In 2021, the value of crypto coins like Ethereum and Bitcoin rose sharply, luring thousands of investors worldwide. Unfortunately, North Korean hackers also noticed the rise in value.
Fake or scam crypto projects duping people of their money have made headlines in the last few years. Moreover, the cryptocurrency exchanges are not as safe as they are said to be as hackers are devising new ways to break through the defense of exchanges to steal cryptocurrency.
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2021 was a banner year for North Korean hackers
North Korea-based hackers managed to steal a considerable amount of money from the crypto exchanges. The finding comes from Chainalysis, a Blockchain analysis firm. It says the North Korean hackers stole crypto coins worth US$395 million in 2021.
The nine-figure sum represents a nearly US$100 million increase over the previous year’s thefts by North Korean hacker groups, and it brings their total haul over the past five years to US$1.5 billion in cryptocurrency alone — not including the uncounted hundreds of millions more the country has stolen from the traditional financial systems.
That hoard of stolen cryptocurrency now contributes significantly to the coffers of Kim Jong-un’s totalitarian regime as it seeks to fund itself — and its weapons programs — despite the country’s heavily sanctioned, isolated, and ailing economy.
“They’ve been very successful,” says Erin Plante, a senior director of investigations at Chainalysis, whose report calls 2021 a “banner year” for North Korean cryptocurrency thefts.
Thefts increase despite a law enforcement crackdown
The findings show that North Korea’s global serial robberies have accelerated even amid an attempted law enforcement crackdown; the U.S. Justice Department, for instance, indicted three North Koreans in absentia in February of last year, accusing them of stealing at least US$121 million from cryptocurrency businesses, along with a slew of other financial crimes.
Charges were also brought against a Canadian man who allegedly helped launder the funds. But those efforts haven’t stopped the hemorrhaging of crypto wealth. “We were excited to see actions against North Korea from law enforcement agencies,” Plante says, “yet the threat persists and is growing.”
The seven breaches Chainalysis tracked in 2021 amount to three more than in 2020, though fewer than the 10 successful attacks that North Korean hackers carried out in 2018 when they stole a record US$522 million.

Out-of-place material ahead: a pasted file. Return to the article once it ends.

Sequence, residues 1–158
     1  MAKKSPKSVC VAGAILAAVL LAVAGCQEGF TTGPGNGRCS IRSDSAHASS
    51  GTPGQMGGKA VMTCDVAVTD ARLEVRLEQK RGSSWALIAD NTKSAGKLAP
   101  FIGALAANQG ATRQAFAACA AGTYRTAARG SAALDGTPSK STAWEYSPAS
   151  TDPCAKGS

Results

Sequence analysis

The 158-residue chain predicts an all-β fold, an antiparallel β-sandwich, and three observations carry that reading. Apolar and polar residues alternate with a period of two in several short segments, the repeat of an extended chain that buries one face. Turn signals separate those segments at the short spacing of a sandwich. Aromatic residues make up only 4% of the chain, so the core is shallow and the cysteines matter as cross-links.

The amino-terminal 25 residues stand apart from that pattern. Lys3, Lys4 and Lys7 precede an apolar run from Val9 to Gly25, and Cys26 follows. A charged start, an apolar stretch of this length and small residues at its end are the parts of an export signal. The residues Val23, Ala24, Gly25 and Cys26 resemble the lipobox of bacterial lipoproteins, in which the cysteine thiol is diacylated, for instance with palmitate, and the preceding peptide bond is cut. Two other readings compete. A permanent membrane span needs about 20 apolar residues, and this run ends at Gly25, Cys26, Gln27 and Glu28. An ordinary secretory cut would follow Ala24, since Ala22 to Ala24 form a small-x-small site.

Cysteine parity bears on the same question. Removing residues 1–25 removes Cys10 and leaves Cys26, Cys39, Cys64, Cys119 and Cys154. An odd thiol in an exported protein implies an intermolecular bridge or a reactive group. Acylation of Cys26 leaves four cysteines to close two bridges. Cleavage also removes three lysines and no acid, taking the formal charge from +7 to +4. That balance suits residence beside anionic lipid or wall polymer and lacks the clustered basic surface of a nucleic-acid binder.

Ether is the cryptocurrency of choice for North Korean hackers
Bitcoin no longer represents anywhere near the majority of North Korea’s take, accounting for only around 20 percent of the stolen funds. Fully 58 percent of the groups’ cryptocurrency gains came instead in the form of stolen ether, the Ethereum network’s currency unit.
Another 11 percent, around US$40 million, came from stolen ERC-20 tokens, a form of crypto-asset used to create smart contracts on the Ethereum blockchain.
Chainalysis’ Plante attributes that increased focus on Ethereum-based cryptocurrencies — US$272 million in total thefts last year versus US$161 million in 2020 — to the skyrocketing price of assets in the Ethereum economy, combined with the nascent companies that growth has fostered.
All thefts point to Lazarus
Chainalysis says it linked all seven 2021 cryptocurrency hacks to North Korean hackers based on malware samples, hacking infrastructure, and following the stolen money into clusters of blockchain addresses it has identified as controlled by the North Korean hackers.
Chainalysis says the thefts were all carried out by Lazarus, a loose grouping of hackers all widely believed to be working in the service of the North Korean government. But other hacker-tracking firms have pointed out that Lazarus comprises many distinct groups.
Last year, for instance, two North Korean groups, TEMP.Hermit and Kimsuky, both seemed tasked with targeting biomedical and pharmaceutical organizations. Yet both groups also targeted cryptocurrency holders throughout 2021.
Another group called APT38 — which has previously focused on more traditional financial intrusions, such as the theft of US$110 million from the Mexican financial firm Bancomext and US$81 million from Bangladesh’s Central Bank — now appears to have also turned its sights on cryptocurrency targets.
One reason the hackers have focused on cryptocurrency over other forms of financial crime is no doubt the relative ease of laundering digital cash. Many groups have cashed out their gains through exchanges, primarily exploiting in Asia and trading their cryptocurrency for Chinese RMB.
Until the cryptocurrency industry figures out how to secure itself against these hackers — or to prevent their coins from being laundered and converted into clean bills — the Kim regime’s illicit, ethereal revenue stream will only continue to grow.